- Observatory: EurWORK
- Published on: 10 January 2011
In 2009, the UK continued to be affected by the economic downturn and unemployment within the country increased. There were several large cases of restructuring associated with this and the UK Government and social partners developed and proposed various policies to deal with the effects of the crisis. Collective bargaining coverage, trade union density and levels of industrial action also declined in the UK in 2009. 2010 will see the election of a new UK Government, and given the likelihood of public sector pay freezes and cuts being implemented by the new Government it is possible that public sector trade unions will respond with industrial action.
1. Political developments
The Labour Party Government which was re-elected in May 2005, continued in office throughout 2009. However in local elections held in the England region of the UK and European elections held throughout the UK in June 2009, the Labour Party fared very poorly. In both elections, the Labour Party lost ground to the Conservative Party. 2010 will see a UK General Election that is most likely to be held in May. Most commentators expect this to result in the formation of a Government by the opposition Conservative Party.
2. Collective bargaining developments
Collective bargaining in the UK continues to be highly decentralised: most bargaining is at company or workplace level, with little multi-employer bargaining outside the public sector. As there is no system for registering collective agreements in the UK, making an accurate assessment of the number of collective agreements in force is not possible.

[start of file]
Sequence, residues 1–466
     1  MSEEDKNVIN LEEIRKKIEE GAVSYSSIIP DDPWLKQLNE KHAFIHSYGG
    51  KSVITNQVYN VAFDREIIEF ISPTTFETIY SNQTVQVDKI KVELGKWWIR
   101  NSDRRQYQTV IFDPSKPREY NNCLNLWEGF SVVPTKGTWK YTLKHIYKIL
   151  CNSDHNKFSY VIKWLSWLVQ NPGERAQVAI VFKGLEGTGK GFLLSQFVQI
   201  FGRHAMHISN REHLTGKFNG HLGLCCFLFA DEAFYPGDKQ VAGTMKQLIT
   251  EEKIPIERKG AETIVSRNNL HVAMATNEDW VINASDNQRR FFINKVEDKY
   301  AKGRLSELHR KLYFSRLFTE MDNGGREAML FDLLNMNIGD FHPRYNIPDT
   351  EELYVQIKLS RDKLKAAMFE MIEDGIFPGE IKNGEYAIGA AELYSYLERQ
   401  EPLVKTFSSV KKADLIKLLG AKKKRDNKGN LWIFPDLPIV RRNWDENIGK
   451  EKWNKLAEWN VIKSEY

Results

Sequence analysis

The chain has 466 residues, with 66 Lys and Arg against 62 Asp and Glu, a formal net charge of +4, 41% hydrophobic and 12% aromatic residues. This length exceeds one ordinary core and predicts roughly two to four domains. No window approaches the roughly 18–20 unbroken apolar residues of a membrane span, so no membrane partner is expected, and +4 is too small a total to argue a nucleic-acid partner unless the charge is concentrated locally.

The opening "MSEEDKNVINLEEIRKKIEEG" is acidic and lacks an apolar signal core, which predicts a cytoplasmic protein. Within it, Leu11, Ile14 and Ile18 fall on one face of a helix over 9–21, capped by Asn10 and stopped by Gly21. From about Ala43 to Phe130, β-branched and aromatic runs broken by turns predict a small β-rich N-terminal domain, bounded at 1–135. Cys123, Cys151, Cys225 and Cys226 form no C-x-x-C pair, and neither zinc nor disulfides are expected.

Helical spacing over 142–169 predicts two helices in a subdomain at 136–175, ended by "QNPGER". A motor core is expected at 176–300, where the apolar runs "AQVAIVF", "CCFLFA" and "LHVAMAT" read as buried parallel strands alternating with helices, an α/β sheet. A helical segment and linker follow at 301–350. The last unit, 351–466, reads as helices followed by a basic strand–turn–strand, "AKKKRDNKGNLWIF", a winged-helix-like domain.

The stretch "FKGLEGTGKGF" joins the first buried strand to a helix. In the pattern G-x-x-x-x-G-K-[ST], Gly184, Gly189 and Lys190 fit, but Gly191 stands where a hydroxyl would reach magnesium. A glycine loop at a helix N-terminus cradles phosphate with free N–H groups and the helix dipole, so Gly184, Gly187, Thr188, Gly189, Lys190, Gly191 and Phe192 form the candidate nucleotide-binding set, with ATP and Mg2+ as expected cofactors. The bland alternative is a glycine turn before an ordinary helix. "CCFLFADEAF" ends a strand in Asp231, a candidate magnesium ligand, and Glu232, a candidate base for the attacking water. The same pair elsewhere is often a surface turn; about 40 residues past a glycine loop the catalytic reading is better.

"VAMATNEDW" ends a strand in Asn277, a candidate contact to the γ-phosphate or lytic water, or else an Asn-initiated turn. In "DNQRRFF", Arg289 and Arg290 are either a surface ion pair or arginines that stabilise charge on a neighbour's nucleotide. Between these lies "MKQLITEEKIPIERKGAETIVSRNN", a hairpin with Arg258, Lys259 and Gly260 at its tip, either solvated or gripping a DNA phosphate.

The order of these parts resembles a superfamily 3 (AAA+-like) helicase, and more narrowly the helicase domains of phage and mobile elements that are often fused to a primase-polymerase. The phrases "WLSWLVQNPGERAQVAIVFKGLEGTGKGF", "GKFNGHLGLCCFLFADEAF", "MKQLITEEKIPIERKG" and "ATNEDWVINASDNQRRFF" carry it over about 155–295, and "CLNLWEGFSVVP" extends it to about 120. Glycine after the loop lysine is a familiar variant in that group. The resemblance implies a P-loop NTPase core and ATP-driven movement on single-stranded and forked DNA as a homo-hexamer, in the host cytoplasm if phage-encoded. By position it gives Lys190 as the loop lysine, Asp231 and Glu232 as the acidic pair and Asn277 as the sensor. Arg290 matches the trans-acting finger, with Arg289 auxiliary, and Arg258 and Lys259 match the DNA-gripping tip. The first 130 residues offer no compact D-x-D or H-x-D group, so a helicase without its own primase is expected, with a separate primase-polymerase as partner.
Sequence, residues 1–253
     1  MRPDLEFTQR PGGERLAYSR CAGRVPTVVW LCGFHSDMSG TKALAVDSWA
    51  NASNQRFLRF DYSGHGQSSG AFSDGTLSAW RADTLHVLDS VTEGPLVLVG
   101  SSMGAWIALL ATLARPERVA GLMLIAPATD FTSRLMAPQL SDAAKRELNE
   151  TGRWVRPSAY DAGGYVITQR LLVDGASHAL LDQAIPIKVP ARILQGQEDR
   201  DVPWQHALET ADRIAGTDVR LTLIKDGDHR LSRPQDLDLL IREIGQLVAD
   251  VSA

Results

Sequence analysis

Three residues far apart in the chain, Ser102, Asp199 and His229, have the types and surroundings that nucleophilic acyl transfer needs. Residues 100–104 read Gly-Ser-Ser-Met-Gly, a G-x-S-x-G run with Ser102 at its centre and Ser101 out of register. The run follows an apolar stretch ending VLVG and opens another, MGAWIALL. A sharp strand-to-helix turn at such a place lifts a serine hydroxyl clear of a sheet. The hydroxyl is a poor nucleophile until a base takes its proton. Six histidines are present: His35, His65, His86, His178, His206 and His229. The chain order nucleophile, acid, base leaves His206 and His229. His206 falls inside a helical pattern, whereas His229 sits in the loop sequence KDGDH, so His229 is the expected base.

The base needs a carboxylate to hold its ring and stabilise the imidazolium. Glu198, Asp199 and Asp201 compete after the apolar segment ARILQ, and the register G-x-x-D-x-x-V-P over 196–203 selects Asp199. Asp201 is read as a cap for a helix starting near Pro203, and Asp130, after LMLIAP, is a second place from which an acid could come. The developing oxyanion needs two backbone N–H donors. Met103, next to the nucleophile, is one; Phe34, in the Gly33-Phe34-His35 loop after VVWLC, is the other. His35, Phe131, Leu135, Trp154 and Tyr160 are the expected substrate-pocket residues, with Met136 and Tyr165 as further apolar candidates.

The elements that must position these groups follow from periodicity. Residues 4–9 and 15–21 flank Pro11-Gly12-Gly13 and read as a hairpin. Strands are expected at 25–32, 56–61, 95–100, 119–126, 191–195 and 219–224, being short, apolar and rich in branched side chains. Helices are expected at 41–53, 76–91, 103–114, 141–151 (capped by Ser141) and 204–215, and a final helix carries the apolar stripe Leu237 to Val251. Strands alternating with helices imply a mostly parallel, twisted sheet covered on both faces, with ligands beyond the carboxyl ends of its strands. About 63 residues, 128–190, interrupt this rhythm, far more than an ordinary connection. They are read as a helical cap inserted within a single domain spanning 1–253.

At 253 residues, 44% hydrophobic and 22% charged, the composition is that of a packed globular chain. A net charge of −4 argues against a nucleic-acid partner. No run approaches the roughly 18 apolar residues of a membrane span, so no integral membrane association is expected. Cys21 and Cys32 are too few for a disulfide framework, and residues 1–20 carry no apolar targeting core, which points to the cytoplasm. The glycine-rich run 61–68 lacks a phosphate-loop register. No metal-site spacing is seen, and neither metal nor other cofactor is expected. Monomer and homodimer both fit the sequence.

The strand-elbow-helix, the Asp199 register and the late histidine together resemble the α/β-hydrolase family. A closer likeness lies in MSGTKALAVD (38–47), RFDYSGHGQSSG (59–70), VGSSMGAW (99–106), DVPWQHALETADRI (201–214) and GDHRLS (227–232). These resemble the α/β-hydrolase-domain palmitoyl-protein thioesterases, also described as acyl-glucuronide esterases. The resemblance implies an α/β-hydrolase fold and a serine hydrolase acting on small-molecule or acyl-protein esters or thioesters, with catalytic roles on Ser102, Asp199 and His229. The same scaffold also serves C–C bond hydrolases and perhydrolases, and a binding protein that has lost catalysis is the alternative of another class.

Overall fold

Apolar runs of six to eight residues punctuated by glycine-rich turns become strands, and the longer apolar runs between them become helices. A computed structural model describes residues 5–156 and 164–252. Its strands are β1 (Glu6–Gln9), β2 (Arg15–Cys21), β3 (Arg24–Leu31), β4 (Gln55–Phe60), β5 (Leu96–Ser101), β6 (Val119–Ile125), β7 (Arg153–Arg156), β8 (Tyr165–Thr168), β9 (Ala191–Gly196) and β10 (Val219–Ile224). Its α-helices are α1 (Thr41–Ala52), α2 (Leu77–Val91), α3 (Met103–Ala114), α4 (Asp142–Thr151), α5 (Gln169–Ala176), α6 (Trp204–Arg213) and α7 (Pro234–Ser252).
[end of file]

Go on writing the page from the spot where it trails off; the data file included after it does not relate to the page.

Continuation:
The most recent official figures on trade union membership in the UK were published by the Department for Business, Enterprise and Regulatory Reform in April 2009. According to the Department’s annual report on trade union membership, published in April 2009 and based on Labour Force Survey data for the fourth quarter of 2008, 33.6% of employees were covered by collective agreements in the fourth quarter of 2008. This represents a slight fall from the figure of 34.6% for the fourth quarter of 2007. In the UK, the gap between the public and private sectors in terms of collective agreement coverage continues to be substantial: only 18.7% of private sector employees were covered by a collective agreement in the fourth quarter of 2008 (the figure was 20.0% in the fourth quarter of 2007), compared with 70.5% of public sector employees (the figure was 72.0% in the fourth quarter of 2007).
The most recent Workplace Employment Relations Survey, carried out in 2004 and published in 2006 (UK0607019I), showed that collective bargaining remained largely confined to the ‘basic’ issues of pay (61% of workplaces which recognized unions), working hours (53%) and holidays (52%). In addition, more than one-third (36%) of workplaces which recognized unions negotiated over pensions.
3. Legislative developments
Several legislative developments related to industrial relations and the employment relationship occurred in the UK in 2009. Firstly, there was a small extension in the UK National Minimum Wage (NMW) that took effect from 1 October 2009. This followed the UK Government accepting the recommendations of the independent Low Pay Commission in May 2009. From October 1 2009, the NMW rose from GBP 5.73 to GBP 5.80 for workers aged 22 years old and over, rose from GBP 4.77 to GBP 4.83 for workers aged from 18 to 21 years old, and rose from GBP 3.53 to GBP 3.57 for workers aged 16 to 17 years old.
A number of other laws also came into effect in the UK in 2009. In some cases these followed the adoption of the Employment Act of 2008. In April 2009, a number of new laws came into force. Firstly, regulation providing parents with children up to the age of 16 with the statutory right to request flexible working arrangements was implemented in the UK. Secondly, extra penalties for employers paying under the minimum wage were introduced. Further, regulation was introduced to simplify existing procedures for individual dispute resolution in the UK. Finally, the minimum statutory entitlement for paid holidays was increased from 4.8 to 5.6 weeks a year. In August 2009, regulation also came into effect, consistent with the EU Working Time Directive, to ensure that the working time of trainee doctors is in line with the 48 hour limit on average working weeks that is stipulated by the Directive.